The Alabama Crimson Tide had the No. 1 overall and run defense in Pro Football Focus grades in 2015, and they were far ahead of the next-closest defensive units. Alabama’s defense in 2016 returns the highest-graded returning defensive end (Jonathan Allen), the fourth-highest overall returning inside linebacker (Reuben Foster) and the second-highest returning overall outside linebacker (Ryan Anderson).
In reviewing our PFF grades and the game tape, I began to discover a pattern of several factors that make Alabama’s run defense so dominant.
Here are four reasons why, plus a look at the best way for opposing offenses to try and attack the Crimson Tide defense:
1. Alabama’s front seven likes to have its cake and eat it, too
Alabama is one of the last defenses in college football that utilizes a true “two-gap” philosophy in its front seven. This means that each down lineman is responsible for the running lanes on both sides of his blocks. This is extremely rare, as most defenders are asked to build a wall and not allow the ball to run in front of their block, while relying on others to clean up the play.
A great example of what differentiates Alabama in this regard is what its defensive line and linebackers do against downhill runs like lead and power plays. This allows their great athletes, when coached up with proper technique, to become excellent run-stoppers and improve their stocks for the NFL.
Watch the defensive end and inside linebacker on the play side of the play below:
2. Alabama defenders are great at defeating blocks
Alabama defenders, especially in the front seven, are the best in college football at defeating blocks. They use a “wipe” technique, which means getting their hands inside of blockers to create separation and then throwing them to the side after finding the ball-carrier, then going to make the tackle.
The Crimson Tide’s defensive players are the nation’s best at diagnosing the blocking scheme and reacting to make a tackle. Take a look at the example below:
3. Alabama’s inside linebackers have a lot of responsibility in run defense
Alabama’s inside linebackers have long left a legacy in college football. C.J. Mosley, Dont’a Hightower and Rolando McClain were all first-round NFL draft picks playing inside linebacker in the Tide’s 3-4, two-gap defense. The scheme puts pressure on the inside linebackers to make tackles, from between the guards to sideline-to-sideline, and allows the linebackers to improve their run defensive skill set and gain experience like no other linebackers in college football.
4. Alabama’s safeties play a key role in run defense
If a ball-carrier does manage to get past the front seven of Alabama’s defense, chances are that secondary support is coming for the Tide. Guys like Mark Barron, Ha-Ha Clinton-Dix and Landon Collins have been stars in Saban’s run defense for their ability to close run alleys.
Alabama’s safeties like to read the opponent’s offensive tackles for whether a play is going to be a run or a pass. If they get a “high-hat read,” meaning a pass set, they will bail into coverage. But if they get a run look, with the tackles staying low out of their stance and engaging defensive linemen in run blocks, the safeties move quickly to be aggressive run defenders.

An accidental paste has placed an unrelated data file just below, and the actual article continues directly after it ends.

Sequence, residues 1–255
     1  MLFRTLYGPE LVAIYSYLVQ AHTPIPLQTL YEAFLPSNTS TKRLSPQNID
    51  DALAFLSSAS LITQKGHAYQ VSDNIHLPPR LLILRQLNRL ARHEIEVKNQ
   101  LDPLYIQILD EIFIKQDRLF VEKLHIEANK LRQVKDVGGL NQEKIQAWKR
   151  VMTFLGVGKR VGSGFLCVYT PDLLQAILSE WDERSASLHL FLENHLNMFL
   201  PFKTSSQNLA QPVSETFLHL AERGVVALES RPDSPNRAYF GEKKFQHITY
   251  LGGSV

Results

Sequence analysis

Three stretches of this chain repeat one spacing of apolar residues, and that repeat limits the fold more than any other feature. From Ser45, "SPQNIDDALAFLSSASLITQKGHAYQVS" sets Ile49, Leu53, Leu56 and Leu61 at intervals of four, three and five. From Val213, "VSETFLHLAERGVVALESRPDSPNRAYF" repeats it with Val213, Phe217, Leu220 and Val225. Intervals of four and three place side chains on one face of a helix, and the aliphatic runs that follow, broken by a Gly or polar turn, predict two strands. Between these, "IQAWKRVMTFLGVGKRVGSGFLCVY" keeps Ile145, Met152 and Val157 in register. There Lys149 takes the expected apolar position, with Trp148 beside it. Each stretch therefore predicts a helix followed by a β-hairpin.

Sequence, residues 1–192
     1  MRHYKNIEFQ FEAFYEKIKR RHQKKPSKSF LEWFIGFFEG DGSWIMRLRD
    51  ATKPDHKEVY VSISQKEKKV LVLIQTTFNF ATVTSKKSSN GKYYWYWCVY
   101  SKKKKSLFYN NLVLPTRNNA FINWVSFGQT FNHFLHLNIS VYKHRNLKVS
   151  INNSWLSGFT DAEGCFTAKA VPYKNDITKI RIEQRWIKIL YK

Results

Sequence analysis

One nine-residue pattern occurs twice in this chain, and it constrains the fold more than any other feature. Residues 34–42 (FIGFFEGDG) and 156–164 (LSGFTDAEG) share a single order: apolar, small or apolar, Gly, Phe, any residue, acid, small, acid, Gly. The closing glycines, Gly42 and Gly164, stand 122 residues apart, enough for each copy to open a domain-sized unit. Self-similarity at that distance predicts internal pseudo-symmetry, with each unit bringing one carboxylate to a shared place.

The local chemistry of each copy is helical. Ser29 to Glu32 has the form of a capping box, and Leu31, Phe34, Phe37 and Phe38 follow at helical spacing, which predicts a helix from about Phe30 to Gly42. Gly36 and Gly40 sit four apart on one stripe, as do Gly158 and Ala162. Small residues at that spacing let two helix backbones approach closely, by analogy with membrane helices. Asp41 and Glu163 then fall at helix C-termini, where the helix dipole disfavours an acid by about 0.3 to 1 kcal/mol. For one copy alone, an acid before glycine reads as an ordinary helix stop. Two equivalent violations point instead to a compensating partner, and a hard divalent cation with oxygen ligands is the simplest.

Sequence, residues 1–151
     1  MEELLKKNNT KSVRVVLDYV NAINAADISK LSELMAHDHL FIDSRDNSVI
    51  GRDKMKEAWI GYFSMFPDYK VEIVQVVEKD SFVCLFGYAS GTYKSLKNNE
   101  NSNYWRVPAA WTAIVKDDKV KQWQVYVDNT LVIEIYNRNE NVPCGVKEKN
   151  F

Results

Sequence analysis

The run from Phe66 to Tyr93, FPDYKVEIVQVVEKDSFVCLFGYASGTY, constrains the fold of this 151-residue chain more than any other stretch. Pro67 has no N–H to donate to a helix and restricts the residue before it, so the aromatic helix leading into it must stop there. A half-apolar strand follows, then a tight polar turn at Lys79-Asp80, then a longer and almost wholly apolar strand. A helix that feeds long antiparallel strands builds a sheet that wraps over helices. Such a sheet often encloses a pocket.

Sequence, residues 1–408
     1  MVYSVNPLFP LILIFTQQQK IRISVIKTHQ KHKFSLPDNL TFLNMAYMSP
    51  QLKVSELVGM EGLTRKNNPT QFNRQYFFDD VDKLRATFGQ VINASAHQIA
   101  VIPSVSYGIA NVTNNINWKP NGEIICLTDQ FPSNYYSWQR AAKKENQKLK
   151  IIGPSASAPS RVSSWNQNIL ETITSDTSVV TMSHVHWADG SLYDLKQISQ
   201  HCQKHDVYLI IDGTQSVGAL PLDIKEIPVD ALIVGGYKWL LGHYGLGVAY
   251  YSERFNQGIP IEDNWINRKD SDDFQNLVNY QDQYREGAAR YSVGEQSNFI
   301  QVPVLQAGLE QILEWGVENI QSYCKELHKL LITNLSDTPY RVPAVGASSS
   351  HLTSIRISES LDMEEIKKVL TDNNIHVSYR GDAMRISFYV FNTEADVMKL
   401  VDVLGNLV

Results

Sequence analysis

What is the best path to success against Alabama’s run defense?
Trying to spot weaknesses in Alabama’s run defense is no easy task. But while analyzing film, one simple mistake I found some college offenses fall into is leaving Alabama players unblocked. While these errors may not be as costly against some defensive teams, Alabama’s discipline and talent on defense simply do not allow for flawed blocking schemes or missed blocking assignments that leave defenders near the line of scrimmage unblocked.
The run plays I viewed that had the most success against Alabama’s run defense usually involved some sort of option or misdirection that caused Alabama’s defenders to be slow in reaction and not rely on their preparation and talent to diagnose plays quickly. Option or misdirection plays that involve the ball on the perimeter is also usually a much better bet than power run plays into the interior of the defense.
However, the best way to run the ball against Alabama’s run defense may be to have success throwing the ball first. Alabama‘s secondary presses often, and its aggressive run defense can lead to opportunities for offenses in the passing game. Teams that have spread Alabama out and been successful passing the ball have been able to successfully mix in running the ball at times, as well.
Bottom line: The ‘process’ just works
Alabama’s success in run defense is not a magic scheme or package, but rather a team defensive effort that involves the preparation of identifying schemes, along with precision technique mixed with speed and strength.
Alabama’s defenders make tackles when they appear to be blocked, and from angles that they simply “shouldn’t” — or at least from angles that no other college defense makes tackles. I can’t help but think it is the “process” that head coach Nick Saban preaches about, in terms of getting each player to buy in to performing his job to the best of his ability, within a never-ending evolution of getting better and better.